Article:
There has been enormous progress made in recent years to develop photonic chips that use light beams instead of electrons to carry out computational tasks. Now, researchers at MIT with funding from the National Science Foundation (NSF) have filled in a crucial piece of the puzzle to enable the creation of photonic chips on standard silicon material to form the basis for most of today’s electronics.
Development of the technology would greatly boost the speed of data-transmission systems for two reasons. First, light travels much faster than electrons and secondly, while wires can only carry a single electronic data stream, optical computing enables multiple beams of light carrying separate streams of data to pass through a single optical fiber or circuit without interference. “This may be the next generation in terms of speed for communications systems, reports Caroline Ross, the Toyota Professor of Materials Science and Engineering at MIT.
In many of today’s communication systems, data travels through light beams transmitted through optical fibers. Once the optical signal arrives at its destination, it is converted to electronic form, then goes through electronic circuits, and then is converted back to light using a laser. Development of the new device could eliminate those extra electronic conversion steps, allowing the light signal to be processed directly.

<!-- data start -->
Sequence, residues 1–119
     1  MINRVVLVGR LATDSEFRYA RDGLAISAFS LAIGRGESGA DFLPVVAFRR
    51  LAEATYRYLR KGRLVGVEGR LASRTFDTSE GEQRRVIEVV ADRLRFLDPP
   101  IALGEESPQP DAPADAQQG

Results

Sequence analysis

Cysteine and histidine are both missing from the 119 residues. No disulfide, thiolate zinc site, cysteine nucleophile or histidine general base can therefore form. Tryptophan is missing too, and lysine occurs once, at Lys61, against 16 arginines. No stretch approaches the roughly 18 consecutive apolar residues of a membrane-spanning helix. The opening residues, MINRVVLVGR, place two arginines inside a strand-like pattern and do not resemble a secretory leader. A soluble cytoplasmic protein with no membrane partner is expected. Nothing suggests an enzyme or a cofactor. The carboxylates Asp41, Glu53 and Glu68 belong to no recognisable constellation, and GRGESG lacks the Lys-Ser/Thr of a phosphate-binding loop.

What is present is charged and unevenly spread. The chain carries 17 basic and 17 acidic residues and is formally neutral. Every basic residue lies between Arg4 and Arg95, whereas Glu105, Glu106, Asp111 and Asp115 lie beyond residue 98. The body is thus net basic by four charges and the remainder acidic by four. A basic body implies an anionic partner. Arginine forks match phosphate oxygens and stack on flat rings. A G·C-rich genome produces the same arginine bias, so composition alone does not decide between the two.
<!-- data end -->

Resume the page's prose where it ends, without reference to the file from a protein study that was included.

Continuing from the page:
“The new component is a diode for light,” says Ross and the co-author of a paper reporting on the new device that was published online November 13th in “Nature Photonics”. According to Ross, it is analogous to an electronic diode, a device that allows an electric current to flow in one direction but blocks it from going the other way. In this case, it creates a one way street for light rather than electricity.
“The whole system could be made using standard microchip manufacturing machinery” said Ross. “This would make it easier to commercialize than a system based on different materials.” She points out that there is a huge infrastructure for silicon processing and the process used is well known. This means that the chip can be developed without worrying about new fabrication techniques.”